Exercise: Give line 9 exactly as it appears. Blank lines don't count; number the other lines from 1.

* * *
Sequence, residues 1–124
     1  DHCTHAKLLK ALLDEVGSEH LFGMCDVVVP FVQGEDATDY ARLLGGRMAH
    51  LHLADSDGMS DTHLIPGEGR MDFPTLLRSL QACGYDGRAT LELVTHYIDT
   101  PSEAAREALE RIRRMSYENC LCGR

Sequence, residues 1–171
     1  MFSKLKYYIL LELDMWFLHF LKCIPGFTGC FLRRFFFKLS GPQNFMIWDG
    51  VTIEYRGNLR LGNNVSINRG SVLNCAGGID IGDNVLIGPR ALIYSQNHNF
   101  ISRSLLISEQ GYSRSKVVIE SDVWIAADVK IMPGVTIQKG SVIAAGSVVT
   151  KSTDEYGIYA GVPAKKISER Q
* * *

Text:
   151  KSTDEYGIYA GVPAKKISER Q